To a user who has a mouse and a keyboard it is pretty much transparent and when one does want to use that part of the OS (i.e. Tiles) it works perfectly with a mouse and keyboard.

The Tiles interface is a great boon to mouse users actually, as a replacement for the Start menu. Windows 8 is as optimized for touch interface as one wants it to be, it is in fact as much optimized for mouse and keyboard.

Users seem to disagree - Third-party software that restores the old Start menu interface has become a booming industry.



Veni Vidi Castratavi Illegitimos
User currently offlineRara From Germany, joined Jan 2007, 2168 posts, RR: 2
Reply 16, posted (1 year 8 months 1 week 5 days 13 hours ago) and read 2818 times:

Quoting Dreadnought (Reply 15):
Users seem to disagree - Third-party software that restores the old Start menu interface has become a booming industry.

With close to 100 million Windows 8 copies sold, if even one percent of users restore the old Start menu with an add-on programme, that makes for impressive download counts.


I don't think the new start-up screen is the make-it-or-break-it of Windows 8. To me, it's just a fancy new start menu. One that's very easy to customize and fast to navigate, but not as convenient as the old start menu when you want to get to programs which you don't often use. Nonetheless, most users on a PC spend most of their time on the desktop. The desktop is still very similar to Windows 7, but improved in various ways, and part of a very fast, clean and stable OS environment.

Again, it's not revolutionary, but I wouldn't want to go back to Windows 7. To have the computer boot up in a matter of seconds is hard to go without, once you've gotten used to it.



Samson was a biblical tough guy, but his dad Samsonite was even more of a hard case.
User currently offlineKen777 From United States of America, joined Mar 2004, 8481 posts, RR: 9
Reply 17, posted (1 year 8 months 1 week 5 days 11 hours ago) and read 2774 times:

I believe that if you can set it to the classic Windows appearance then it will be OK for a lot of users. Biggest problem I see is that it will present too much difference for the average office worker. They could care less about the bells & whistles - they just want their apps to work and not to slow down.

User currently offlinemmedford From United States of America, joined Nov 2007, 561 posts, RR: 8
Reply 18, posted (1 year 8 months 1 week 5 days 11 hours ago) and read 2771 times:

http://www.startisback.com/

Best $5 I ever spent...



ILS = It'll Land Somewhere
User currently offlinecjg225 From United States of America, joined Feb 2013, 888 posts, RR: 0
Reply 19, posted (1 year 8 months 1 week 5 days 11 hours ago) and read 2762 times:

Microsoft is nothing if not consistent.

Let's review:

95 - awesome
98 First Edition - awful
98 Second Edition - awesome
Millennium Edition - Like a dog humping your leg
XP - awesome
Vista - words cannot describe this disaster
7 - awesome
8 - Predictably bad

I can only hope the NEXT version keeps with the pattern, because, like with Vista, I'll be doing my best to skip 8.

In all fairness, 3.1 was pretty good, too, so the trend, as I've described it, started with 95. If I do skip 8 it'll be only the second time I've skipped a build since 3.0 came out (the other time being Vista).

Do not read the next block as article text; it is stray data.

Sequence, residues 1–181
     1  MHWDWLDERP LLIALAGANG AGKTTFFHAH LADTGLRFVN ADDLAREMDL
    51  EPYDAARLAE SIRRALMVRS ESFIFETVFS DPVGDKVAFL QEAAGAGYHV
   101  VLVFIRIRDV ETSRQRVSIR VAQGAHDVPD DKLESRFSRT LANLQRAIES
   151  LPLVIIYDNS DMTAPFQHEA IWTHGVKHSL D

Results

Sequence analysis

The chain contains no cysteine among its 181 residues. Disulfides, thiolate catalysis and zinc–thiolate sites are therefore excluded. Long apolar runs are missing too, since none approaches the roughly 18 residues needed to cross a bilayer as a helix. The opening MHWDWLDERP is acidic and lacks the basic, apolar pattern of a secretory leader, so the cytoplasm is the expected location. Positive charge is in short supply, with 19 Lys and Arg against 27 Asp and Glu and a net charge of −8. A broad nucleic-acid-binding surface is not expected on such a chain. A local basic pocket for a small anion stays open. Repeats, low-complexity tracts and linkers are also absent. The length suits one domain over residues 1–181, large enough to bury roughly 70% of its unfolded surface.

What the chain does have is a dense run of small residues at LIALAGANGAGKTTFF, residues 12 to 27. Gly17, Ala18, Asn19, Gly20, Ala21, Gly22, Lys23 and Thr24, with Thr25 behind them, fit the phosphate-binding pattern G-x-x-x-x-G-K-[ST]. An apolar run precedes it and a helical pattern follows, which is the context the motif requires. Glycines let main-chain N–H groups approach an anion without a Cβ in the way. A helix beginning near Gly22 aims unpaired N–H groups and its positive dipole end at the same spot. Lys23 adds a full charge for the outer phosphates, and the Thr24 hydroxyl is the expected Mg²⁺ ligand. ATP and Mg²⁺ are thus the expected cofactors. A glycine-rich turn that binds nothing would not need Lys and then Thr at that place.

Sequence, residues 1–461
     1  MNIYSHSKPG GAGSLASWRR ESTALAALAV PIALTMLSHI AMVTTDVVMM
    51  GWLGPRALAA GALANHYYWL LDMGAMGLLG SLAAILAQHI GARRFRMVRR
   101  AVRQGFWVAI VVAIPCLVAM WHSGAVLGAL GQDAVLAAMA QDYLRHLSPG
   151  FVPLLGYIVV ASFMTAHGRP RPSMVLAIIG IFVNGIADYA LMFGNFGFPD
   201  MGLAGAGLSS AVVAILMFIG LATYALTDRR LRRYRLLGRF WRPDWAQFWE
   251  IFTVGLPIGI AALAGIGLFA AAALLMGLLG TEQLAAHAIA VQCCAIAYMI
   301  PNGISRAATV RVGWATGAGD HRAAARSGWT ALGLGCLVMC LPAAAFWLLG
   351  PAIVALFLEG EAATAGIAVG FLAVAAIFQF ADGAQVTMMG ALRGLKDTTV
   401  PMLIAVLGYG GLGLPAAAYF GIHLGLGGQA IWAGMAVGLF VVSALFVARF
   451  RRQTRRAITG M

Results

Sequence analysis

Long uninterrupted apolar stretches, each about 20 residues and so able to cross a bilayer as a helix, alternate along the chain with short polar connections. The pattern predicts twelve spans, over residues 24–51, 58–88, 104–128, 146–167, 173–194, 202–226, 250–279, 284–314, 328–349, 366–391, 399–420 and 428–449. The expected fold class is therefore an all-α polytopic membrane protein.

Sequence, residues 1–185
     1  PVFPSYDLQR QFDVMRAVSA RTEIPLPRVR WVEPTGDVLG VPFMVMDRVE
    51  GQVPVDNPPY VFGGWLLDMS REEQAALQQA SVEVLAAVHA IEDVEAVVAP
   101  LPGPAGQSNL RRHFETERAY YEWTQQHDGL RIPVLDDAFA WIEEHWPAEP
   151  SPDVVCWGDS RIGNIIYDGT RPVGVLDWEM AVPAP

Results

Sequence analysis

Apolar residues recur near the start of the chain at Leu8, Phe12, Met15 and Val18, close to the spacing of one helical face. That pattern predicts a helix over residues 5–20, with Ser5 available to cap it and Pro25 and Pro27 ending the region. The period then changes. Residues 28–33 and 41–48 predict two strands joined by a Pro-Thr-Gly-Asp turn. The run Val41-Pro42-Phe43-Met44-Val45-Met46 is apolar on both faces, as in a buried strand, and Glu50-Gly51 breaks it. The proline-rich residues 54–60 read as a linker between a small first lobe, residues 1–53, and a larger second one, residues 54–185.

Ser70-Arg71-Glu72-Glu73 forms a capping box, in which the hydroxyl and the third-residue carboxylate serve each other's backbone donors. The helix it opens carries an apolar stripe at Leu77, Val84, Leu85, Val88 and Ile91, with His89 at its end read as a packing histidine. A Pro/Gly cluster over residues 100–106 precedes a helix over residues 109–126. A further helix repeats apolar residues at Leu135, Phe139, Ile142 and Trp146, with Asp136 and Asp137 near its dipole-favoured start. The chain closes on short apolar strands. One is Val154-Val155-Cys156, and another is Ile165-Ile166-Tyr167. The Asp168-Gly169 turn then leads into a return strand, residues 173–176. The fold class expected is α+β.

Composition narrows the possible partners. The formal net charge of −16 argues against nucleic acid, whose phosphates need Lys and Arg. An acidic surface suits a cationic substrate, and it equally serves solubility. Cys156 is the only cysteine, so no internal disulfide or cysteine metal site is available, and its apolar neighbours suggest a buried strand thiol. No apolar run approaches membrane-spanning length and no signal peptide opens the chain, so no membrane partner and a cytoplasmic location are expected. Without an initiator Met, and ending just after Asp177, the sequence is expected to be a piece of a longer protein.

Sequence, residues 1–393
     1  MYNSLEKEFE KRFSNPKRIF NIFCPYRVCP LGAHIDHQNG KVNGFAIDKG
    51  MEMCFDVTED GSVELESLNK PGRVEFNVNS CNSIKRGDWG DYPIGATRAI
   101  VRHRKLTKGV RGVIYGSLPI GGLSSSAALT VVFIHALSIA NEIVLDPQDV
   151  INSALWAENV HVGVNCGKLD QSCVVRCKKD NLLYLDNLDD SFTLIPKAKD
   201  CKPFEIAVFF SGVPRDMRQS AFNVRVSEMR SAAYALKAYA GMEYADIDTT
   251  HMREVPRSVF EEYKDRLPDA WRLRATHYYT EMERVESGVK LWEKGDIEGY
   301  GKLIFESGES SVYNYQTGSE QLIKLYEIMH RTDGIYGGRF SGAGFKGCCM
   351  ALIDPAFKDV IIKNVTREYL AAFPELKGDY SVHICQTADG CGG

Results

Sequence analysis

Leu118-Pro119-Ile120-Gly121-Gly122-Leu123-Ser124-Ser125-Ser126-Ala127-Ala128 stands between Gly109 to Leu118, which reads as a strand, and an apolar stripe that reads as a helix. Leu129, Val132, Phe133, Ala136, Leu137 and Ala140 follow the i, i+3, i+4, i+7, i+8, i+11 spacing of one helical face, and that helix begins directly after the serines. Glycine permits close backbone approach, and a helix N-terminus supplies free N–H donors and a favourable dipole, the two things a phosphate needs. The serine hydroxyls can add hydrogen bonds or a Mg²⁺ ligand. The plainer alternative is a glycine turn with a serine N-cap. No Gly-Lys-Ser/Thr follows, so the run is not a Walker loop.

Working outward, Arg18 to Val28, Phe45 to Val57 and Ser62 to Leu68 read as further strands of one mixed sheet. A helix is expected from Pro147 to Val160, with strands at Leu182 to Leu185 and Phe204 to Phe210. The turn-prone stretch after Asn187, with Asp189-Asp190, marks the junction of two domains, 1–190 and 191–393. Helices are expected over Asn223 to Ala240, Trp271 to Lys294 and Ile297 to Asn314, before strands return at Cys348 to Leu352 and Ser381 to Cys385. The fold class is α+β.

Restoring Penn State's transportation heritage...
User currently offlineBoeing717200 From United States of America, joined Jan 2013, 940 posts, RR: 0
Reply 20, posted (1 year 8 months 1 week 5 days 9 hours ago) and read 2713 times:

It's fast, but I wish you could simply choose to use it with or without metro in the settings. The major flaws:

The picture manager is horrible.
Integrated outlook is a joke.
The store doesn't have much and no one is interested.

Windows could have simply made windows 8 as fast as it is and dumped the gimmicks.


User currently offlinecjg225 From United States of America, joined Feb 2013, 888 posts, RR: 0
Reply 21, posted (1 year 8 months 1 week 5 days 6 hours ago) and read 2664 times:

What did they do to Picture Manager?

Oddly, I find Microsoft Office Picture Manager to be one of the most useful tools in Windows.



Restoring Penn State's transportation heritage...
User currently offlinekngkyle From United States of America, joined Dec 2006, 414 posts, RR: 1
Reply 22, posted (1 year 8 months 1 week 5 days 6 hours ago) and read 2659 times:
AIRLINERS.NET CREW
FORUM MODERATOR

The people who use Windows 8 for a half hour and decide they hate it really don't get a proper sense of the operating system, which is a failure on Microsofts part. They should have a very clear way to switch between tablet and desktop mode, and be able to set either as the default. Trying to mix the two doesn't really work and adds confusion. It's a simple and easy fix to make it how it should be - but you shouldn't have to do it, and most people won't even know about it. Shame really, since it's a great operating system for both tablets and desktops that now has a damaged reputation.

Hopefully with SP1 they'll respond to the negative feedback and make some of the mentioned fixes.

As far as Windows 8 causing a slow down in PC sales, I have to agree what others have said. Tablets & smartphones are taking away the need for PCs. That is what is slowing down PC sales - not Windows 8.


User currently offlinebueb0g From United Kingdom, joined Jul 2010, 672 posts, RR: 0
Reply 23, posted (1 year 8 months 1 week 5 days ago) and read 2600 times:

Quoting cjg225 (Reply 19):
8 - Predictably bad

It's really not "bad", and the question isn't whether it's bad or not. The question is whether it's worth an upgrade from Win7 - whether the improvement is enough to justify it existing. It's slightly faster, and has the metro tabs instead of a start menu. Apart from that, it IS Windows 7 - is it enough of a difference to warrant a new OS? Maybe not...